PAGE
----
Construction of a new radiotherapy unit at Shaare Zedek Medical Center will commence in June of this year. The 7,000 square meter structure, designed by Canadian firm Farrow in collaboration with Rubenstein Ofer Architects, will complement the pre-existing cancer treatment facilities at the hospital.
The building’s shape is meant to evoke that of a butterfly – a creature that transforms within a nurturing habitat until it can finally take to the skies and soar. The striking design is far from clinical, which, of course, is deliberate.
A new wave of research that emphasizes the importance of good architecture, especially in places of healing, may be the impetus behind Farrow’s plan. The inside of the building further demonstrates this break from the norm. Light, airy, and natural, the radiotherapy center will invigorate body and soul.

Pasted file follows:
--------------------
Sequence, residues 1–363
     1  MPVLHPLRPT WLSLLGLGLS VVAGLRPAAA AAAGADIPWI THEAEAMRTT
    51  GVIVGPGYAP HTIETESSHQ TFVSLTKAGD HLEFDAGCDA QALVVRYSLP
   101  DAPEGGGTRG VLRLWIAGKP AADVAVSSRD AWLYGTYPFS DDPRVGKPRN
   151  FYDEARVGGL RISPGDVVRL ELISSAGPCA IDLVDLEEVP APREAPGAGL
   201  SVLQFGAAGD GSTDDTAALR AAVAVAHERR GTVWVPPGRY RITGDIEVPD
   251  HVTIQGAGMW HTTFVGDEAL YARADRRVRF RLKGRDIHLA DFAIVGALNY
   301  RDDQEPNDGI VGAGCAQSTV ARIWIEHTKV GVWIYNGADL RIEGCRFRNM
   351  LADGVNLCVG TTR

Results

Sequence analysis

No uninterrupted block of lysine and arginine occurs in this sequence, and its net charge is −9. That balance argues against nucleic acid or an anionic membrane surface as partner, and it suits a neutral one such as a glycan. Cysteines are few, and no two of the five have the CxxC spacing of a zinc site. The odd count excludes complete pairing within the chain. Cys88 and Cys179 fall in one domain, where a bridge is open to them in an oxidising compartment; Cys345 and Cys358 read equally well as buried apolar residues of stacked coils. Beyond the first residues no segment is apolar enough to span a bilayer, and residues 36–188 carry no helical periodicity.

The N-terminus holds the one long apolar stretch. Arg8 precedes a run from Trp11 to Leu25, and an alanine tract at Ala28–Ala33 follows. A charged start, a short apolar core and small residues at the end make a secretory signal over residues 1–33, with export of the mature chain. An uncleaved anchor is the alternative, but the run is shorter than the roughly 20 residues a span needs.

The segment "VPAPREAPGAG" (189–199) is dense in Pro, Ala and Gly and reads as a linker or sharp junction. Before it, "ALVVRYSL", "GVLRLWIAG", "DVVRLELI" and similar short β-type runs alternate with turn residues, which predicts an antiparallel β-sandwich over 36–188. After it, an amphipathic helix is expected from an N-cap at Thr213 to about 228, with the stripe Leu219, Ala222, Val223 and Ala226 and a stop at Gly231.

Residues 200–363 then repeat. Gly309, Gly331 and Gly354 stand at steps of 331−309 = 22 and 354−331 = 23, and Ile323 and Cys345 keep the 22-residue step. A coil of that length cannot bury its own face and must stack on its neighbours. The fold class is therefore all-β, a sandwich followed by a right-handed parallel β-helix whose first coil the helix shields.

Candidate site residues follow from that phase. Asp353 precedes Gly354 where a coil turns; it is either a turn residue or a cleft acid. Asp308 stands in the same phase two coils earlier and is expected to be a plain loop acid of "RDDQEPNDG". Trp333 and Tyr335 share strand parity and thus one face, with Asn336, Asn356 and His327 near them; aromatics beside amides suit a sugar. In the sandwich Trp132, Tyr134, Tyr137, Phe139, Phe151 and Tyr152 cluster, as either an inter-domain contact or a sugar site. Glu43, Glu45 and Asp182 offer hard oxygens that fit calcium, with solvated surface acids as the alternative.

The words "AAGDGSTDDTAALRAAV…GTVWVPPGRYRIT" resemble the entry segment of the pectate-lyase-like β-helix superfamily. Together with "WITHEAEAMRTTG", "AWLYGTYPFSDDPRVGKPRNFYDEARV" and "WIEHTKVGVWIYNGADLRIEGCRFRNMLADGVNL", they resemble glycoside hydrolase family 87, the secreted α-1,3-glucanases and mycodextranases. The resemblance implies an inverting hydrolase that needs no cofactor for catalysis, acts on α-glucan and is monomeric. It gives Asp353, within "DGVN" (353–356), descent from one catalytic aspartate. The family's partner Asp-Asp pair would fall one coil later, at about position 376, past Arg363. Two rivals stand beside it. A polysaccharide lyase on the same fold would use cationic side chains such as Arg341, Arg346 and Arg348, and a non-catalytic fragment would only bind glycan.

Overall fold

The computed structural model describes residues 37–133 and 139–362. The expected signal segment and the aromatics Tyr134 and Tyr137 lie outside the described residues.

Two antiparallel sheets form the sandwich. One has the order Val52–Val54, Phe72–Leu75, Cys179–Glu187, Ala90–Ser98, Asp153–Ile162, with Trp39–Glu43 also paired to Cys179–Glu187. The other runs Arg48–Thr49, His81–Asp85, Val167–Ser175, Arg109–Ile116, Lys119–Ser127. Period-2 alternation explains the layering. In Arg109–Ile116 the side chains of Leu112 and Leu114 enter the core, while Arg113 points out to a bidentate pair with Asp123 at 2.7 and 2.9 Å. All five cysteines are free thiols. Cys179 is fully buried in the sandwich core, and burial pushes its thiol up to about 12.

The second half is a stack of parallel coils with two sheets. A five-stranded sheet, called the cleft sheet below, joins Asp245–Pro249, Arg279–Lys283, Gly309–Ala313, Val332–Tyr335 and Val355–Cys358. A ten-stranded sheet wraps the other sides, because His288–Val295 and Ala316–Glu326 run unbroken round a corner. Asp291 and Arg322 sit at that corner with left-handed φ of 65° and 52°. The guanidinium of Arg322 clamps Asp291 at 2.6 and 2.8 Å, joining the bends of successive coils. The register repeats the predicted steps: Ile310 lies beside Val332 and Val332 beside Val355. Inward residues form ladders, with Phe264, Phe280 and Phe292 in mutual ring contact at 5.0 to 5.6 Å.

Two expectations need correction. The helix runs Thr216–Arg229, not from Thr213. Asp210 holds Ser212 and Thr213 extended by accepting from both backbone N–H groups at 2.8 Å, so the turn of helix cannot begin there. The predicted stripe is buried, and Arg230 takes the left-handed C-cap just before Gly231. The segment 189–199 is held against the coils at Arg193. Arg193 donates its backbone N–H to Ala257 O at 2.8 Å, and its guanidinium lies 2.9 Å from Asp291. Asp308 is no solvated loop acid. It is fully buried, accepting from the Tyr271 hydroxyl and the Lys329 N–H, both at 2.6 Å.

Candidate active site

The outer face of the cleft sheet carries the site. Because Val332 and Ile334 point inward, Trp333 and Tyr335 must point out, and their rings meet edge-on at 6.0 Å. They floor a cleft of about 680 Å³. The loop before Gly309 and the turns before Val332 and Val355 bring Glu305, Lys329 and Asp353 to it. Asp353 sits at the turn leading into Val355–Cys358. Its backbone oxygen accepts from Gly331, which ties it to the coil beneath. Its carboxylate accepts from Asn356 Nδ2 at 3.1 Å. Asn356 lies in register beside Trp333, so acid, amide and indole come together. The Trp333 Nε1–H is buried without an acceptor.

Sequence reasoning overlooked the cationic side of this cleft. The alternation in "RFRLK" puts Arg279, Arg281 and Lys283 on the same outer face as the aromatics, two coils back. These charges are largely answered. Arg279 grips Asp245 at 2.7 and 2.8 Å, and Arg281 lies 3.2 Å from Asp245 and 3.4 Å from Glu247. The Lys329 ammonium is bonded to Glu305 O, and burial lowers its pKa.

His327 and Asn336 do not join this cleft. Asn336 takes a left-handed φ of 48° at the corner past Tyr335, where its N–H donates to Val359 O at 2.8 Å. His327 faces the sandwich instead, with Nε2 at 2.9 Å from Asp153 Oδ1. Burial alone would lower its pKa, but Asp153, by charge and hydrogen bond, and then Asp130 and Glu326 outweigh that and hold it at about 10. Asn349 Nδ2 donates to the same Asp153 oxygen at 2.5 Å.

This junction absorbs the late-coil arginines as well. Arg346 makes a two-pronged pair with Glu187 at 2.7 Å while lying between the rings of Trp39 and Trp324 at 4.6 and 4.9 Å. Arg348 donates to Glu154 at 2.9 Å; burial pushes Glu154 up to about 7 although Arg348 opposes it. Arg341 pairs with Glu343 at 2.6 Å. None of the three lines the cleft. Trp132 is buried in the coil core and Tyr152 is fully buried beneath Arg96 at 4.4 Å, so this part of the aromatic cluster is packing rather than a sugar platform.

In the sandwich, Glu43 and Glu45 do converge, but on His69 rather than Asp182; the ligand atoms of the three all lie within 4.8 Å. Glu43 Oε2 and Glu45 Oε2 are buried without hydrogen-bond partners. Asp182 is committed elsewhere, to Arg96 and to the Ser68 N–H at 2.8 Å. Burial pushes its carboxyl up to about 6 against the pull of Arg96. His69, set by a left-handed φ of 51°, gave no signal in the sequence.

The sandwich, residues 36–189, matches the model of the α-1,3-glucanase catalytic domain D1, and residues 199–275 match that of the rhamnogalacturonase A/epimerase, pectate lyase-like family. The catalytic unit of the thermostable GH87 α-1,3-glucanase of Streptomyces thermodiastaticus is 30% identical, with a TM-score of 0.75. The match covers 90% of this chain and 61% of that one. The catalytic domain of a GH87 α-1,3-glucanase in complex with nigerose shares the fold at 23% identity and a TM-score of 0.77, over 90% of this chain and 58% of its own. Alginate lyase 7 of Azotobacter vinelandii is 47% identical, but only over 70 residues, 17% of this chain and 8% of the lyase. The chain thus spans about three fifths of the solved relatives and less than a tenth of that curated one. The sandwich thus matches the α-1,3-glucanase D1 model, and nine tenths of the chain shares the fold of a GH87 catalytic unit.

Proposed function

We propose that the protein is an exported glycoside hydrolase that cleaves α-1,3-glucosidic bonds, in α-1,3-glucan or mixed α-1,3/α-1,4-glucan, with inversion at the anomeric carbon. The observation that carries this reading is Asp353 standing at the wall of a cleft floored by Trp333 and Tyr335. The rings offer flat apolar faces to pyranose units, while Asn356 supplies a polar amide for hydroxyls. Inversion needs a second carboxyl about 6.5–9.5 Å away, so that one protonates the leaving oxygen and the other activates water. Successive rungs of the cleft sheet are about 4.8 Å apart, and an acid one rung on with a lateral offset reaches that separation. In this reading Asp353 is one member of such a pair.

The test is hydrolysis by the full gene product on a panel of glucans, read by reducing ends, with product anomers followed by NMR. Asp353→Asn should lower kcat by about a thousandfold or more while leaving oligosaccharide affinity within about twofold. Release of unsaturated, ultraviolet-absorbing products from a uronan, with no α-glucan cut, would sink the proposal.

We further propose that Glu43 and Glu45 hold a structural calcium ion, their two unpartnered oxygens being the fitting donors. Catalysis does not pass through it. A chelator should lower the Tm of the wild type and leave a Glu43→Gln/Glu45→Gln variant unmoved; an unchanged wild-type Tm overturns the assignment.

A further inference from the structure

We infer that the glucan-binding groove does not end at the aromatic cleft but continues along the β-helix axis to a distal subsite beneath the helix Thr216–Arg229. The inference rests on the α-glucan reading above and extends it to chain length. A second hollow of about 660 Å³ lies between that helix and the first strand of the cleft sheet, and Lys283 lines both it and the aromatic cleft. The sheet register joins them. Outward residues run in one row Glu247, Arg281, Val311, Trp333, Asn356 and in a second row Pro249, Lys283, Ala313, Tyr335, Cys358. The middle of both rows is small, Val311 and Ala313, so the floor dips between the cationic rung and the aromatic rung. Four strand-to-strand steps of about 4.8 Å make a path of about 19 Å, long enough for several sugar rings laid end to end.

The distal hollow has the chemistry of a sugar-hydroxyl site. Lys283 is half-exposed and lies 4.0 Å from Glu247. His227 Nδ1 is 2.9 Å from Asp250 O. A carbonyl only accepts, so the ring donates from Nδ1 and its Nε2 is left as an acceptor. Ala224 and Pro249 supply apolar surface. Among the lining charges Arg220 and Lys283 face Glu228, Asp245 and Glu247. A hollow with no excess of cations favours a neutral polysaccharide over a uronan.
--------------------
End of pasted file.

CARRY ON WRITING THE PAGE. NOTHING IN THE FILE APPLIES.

Of course, there are also studies that suggest that facilities such as this can be a lucrative investment for a hospital. An enhanced patient experience can measurably reduce costs and improve outcomes. Quality amenities mean a reduced patient length of stay and a lower rate of infection.
The development of the center represents the initial phase of a comprehensive $80 million master plan for the hospital, which will add 300,000 square meters of clinical, retail, commercial, and hotel space to the campus. Once completed, the Shaare Zedek Medical Center will have not only the capacity for more world-class therapeutic and research facilities but also an open and inviting space for patients and visitors alike.